Shapes and Patterns: Comparing Tendai Makufa and Philippe de Kraan

L: Great Leaders by Tendai Makufa © R: Twilight Serenade by Philippe de Kraan ©
I love patterns!! Patterns in nature fascinate me and I quickly become hooked on artists whose works involve patterns. 

The other day I introduced you to the artist Philippe de Kraan and I was delighted with the positive feedback we got. Philippe captures, with the skill of the master painter he is, the undeniable effect patterns have on an image .

And regular blog followers will be very familiar with the marvellous paintings of Tendai Makufa who also is a magician at creating patterns.

Take a few minutes to study the two images above - on the left Great Leaders by Tendai and on the right Twilight Serenade by Philippe .

Both images have two people, almost in mirror images, implying a strong relationship. Both images use strong colour to engage the viewer into the scene. And importantly for this post both paintings are constructed predominantly of patterns which bind the two figures harmoniously against a background which also (in both paintings) are patterned.

Do you also feel the rhythm especially in Tendai's painting? And ask yourself, Is there rhythm in Philippe's painting? Even though in both cases the figures are standing there is for me a movement entwined in the figures. I can feel and see breathing - in the Great Leaders I can feel the ripple of their muscles and the powerful strokes of centuries of traditions. The title alone in Twilight Serenade invites a gentle sway and an implied stepping forward and out to the music. And where is the music, the serenade? For me it is in the gentle patterns of the background of waves which embrace the couple.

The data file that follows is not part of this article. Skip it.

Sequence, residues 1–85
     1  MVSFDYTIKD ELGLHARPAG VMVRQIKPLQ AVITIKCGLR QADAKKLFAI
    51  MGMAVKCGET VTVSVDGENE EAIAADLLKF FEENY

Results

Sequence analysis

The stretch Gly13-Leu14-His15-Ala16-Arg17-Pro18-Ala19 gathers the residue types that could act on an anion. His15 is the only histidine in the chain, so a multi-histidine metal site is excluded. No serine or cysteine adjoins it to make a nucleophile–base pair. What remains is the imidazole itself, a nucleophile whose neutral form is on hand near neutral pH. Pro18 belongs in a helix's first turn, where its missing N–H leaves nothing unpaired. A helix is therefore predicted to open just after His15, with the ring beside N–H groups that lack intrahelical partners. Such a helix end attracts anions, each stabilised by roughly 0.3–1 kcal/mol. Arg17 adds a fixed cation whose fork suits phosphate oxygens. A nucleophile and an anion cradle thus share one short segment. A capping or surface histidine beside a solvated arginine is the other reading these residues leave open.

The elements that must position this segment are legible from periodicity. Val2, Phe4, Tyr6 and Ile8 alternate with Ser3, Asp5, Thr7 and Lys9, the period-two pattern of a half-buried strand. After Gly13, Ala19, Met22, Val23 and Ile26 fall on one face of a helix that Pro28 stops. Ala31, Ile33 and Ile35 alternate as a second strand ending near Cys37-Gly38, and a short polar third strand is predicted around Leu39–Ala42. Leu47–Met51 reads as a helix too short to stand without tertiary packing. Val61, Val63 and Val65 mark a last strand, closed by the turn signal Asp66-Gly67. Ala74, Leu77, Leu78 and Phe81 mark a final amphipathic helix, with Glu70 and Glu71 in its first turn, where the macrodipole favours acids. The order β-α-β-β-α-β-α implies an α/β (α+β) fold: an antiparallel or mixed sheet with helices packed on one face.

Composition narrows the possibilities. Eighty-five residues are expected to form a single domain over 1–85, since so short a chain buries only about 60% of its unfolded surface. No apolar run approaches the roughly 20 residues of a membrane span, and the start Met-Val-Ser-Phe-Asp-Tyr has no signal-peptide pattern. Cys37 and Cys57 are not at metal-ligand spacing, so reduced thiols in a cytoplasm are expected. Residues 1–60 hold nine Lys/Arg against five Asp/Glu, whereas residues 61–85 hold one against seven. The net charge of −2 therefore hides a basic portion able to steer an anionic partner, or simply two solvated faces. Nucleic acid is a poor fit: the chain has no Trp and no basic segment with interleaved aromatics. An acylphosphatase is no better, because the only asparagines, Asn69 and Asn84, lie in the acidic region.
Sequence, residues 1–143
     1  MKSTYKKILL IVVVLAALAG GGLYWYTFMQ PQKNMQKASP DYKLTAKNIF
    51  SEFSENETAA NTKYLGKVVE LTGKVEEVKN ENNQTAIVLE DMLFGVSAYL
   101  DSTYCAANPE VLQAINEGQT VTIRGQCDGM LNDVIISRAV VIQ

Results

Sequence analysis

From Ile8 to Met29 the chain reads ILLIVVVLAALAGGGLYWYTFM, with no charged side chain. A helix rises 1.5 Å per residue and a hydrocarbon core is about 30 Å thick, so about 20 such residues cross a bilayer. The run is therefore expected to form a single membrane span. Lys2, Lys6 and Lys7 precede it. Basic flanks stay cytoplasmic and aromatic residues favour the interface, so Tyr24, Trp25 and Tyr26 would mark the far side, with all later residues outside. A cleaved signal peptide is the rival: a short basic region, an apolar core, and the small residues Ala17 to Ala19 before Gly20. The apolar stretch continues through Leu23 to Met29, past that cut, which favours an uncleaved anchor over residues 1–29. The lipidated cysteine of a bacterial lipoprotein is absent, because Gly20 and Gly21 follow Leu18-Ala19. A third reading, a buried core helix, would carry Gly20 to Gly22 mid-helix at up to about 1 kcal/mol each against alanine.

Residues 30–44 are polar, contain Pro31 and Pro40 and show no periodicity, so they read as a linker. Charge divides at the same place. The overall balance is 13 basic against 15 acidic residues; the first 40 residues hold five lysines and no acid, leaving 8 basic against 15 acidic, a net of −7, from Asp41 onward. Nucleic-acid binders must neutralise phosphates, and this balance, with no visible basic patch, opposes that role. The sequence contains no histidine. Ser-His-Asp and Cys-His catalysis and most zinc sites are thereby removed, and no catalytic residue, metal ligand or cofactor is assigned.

Tendai Makufa tends to repeat shapes which form into motifs. The shape of the women at work in the field is repeated, as are the shapes of the fruit and vegetables and the shapes of the containers.
Waiting for a Bumper Harvest by Tendai Makufa ©

In the painting (above) Tendai has cleverly arranged to form horizontal patterns which diminish in size to enhance the perspective.

And in the paintings below take a little time to study carefully the repetition of the patterns in the women's clothing and the repetion of the shapes and colours of the produce.

Tendai Makufa L: Free and Fair Election R: We Become Gold

And finally pattern through the repetion of line, shapes and colours has been used by Tendai in A Great Future (below) to achieve the harmony his paintings are known and loved for.

A Great Future by Tendai Makufa ©
Philippe de Kraan's use of shape and colour tends to be more controlled than Tendai's yet the paintings of both artists are harmonious. Philippe also uses curves predominantly though contrast is achieved with the occasionaly straight line. 
Blossom by Philippe de Kraan ©

Many of Philippe's paintings are also known for having a textured look achieved through a form of pointillism.

Untitled by Philippe de Kraan ©

If you would like to know a little more about Pointillism please click on the button below.

And just how effective is the use of a textured finish in Artist City by Philippe de Kraan below. The repetition of the shapes of the boats and houses with their highlighted windows is enhanced by the textured overlay

I love everything about this pattern which is an excellent example of how a simple scene can come alive with the expert use of shape and pattern.

Artist City by Philippe de Kraan ©

Tomorrow we are going to visit another of my most favourite artists whose use of line, shape and colour to form patterns is very different to those you have just seen but ... just as extraordinary.